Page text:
Service today is seamless to the point of automation and big data. Every time we make a purchase, information is gathered about us. We tell our friends where we are and what we are doing via location services and social media. As retailers know our preference, Amazon makes recommendations as if they are reading our minds. So, what does this mean? The answer probably resides with Google, as Sutton notes writing for CNN:
“Google knows the things you wouldn’t ask your friends. It knows things you can’t ask your spouse. It knows the things you haven’t asked your doctor yet. It knows things that you can’t ask anyone else and that might not have been asked at all before Google existed,” he writes. “Google’s servers are a repository of the developed world’s darkest and most heartbreaking secrets, a vast closet lined with millions of digital skeletons that, should they escape, would spare nobody.” The search engine does anonymize data over time. “We strike a reasonable balance between the competing pressures we face, such as the privacy of our users, the security of our systems and the need for innovation. We believe anonymizing IP addresses after 9 months and cookies in our search engine logs after 18 months strikes the right balance,” Google says on an FAQ page about privacy.
The willingness for consumers to share information and there inner most thoughts has changed service traits as a consequence. Consumers have power and the internet has made purchasing more transparent. Using price comparison search engines, the prices of airline tickets, handbags, books and everything else can be compared. Google may know more about you than the CIA, but consumers have also changed concepts of service. The Future Foundation, a London based consumer think tank captures this through a number of observations about service.
The End of Inefficiency is the rapid evolution of intelligent, data-mining systems and algorithms which can make informed, accurate and optimized choices for the consumer. By analysing personal information in ways that no individual could or would want to replicate, services are appearing that can relay advice on the best moment to purchase a deal, the most competitive or value-laden brand or offer in any given marketplace, the perfect evening meal to suit our new personal training regime. In China, Lehe Interactive launched an app which claims to provide personalised recommendations for places to eat - with those who are out and about and find themselves hungry being invited to “shake” their phone in order to receive directions to a nearby venue. At time of writing, the app’s name was yet to have an accepted English translation although had been unofficially called “Shaking for Delicacy” and “Shakey Shakey Food God”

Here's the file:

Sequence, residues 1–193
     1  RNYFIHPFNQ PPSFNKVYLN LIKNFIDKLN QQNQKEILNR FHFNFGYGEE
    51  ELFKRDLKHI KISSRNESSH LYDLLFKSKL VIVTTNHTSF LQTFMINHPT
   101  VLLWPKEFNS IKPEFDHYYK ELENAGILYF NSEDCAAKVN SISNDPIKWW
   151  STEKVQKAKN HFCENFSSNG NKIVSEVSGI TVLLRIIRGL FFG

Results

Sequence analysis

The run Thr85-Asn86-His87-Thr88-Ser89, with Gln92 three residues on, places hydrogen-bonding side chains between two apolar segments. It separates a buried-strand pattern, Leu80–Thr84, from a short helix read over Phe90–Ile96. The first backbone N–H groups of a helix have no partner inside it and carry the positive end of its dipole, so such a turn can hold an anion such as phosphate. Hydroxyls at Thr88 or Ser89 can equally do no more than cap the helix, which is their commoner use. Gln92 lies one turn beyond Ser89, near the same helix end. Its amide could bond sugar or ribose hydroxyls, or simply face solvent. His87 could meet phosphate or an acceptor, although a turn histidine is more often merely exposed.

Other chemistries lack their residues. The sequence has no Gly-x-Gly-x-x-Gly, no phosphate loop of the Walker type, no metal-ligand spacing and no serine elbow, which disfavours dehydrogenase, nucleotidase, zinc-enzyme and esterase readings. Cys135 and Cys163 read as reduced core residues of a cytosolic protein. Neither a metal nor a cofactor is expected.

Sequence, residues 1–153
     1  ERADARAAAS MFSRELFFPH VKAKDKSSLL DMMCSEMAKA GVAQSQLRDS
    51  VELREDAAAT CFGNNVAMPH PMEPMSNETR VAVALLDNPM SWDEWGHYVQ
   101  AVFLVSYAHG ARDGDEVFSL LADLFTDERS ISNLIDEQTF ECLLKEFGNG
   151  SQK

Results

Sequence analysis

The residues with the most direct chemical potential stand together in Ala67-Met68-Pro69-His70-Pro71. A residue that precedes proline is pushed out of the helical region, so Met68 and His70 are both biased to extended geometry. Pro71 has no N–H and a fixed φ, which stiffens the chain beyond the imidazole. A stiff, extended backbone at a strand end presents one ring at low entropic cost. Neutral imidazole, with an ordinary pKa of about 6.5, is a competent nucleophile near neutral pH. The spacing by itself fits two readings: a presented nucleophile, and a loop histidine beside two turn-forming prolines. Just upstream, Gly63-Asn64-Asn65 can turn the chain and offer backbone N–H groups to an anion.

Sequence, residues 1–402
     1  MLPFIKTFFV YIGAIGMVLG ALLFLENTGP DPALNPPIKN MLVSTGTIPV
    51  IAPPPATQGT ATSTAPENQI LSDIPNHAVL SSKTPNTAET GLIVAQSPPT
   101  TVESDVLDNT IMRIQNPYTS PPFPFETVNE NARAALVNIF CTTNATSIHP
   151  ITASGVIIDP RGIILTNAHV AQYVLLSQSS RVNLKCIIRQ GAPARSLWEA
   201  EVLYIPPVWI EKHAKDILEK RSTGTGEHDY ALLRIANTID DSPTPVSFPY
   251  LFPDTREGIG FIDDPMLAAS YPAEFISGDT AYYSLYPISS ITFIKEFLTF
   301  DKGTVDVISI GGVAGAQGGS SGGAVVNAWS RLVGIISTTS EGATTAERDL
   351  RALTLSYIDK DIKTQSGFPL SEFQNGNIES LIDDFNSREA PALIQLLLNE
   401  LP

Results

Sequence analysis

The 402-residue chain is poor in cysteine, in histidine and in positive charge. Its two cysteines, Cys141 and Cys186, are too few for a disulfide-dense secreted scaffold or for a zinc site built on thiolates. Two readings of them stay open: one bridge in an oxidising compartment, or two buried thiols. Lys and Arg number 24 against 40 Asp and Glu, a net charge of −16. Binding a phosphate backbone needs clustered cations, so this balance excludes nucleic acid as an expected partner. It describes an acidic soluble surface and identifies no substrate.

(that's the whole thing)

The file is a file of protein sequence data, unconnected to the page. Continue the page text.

Today, consumers maximise their behaviour. Once upon a time, It was once the case that large numbers of consumers were what we might term satisficers - those who were happy to select a product or service which, while not perfect, met their needs and was, as it were, good enough. But stimulated by the economic crisis of the late 2000’s - and galvanised by its still rumbling aftershocks - the attitudes of so many millions of shoppers have been transformed. Consumers have become maximisers, ultra price-sensitive and retail-savvy consumers who are willing to expend considerable time and energy tracking down the most competitive offer. Other factors, meanwhile, have swelled together to energise this mindset still further, including a) the proliferation of comparison and review sites which promise to offer assistance in navigating those marketplaces where choice can seem almost limitless b) the explosion of mobile phone capabilities and the ease with which we can use handsets to locate price reductions c) the social capital which can be accrued by finding - and then sharing - competitive deals and d) deep-rooted suspicions that companies are not to be trusted and that we must seek, in a sense, to beat the retailer. In September 2012, UK transport minister Norman Baker outlined a future vision of the country’s train ticketing system which would see paper tickets being phased out in favour of smartcard alternatives that, among other benefits, promise to find rail customers the cheapest fare at the time of travel. According to the minister, new technology will simplify the fares system, which is often attacked for being unclear and overly complex for consumers in search of a good deal. He told a UK newspaper : “Smart technology is one way of making it easier for passengers. I want to get a better deal to make sure people aren’t ripped off… Why should it be that someone travelling at 6am pays a peak-hour fare the same as someone at 7.45am? Why do we still have season tickets that assume that you are going to work nine to five Monday to Friday? If someone wants to work at home on Friday why should they be penalised? With smart technology we can change these things”.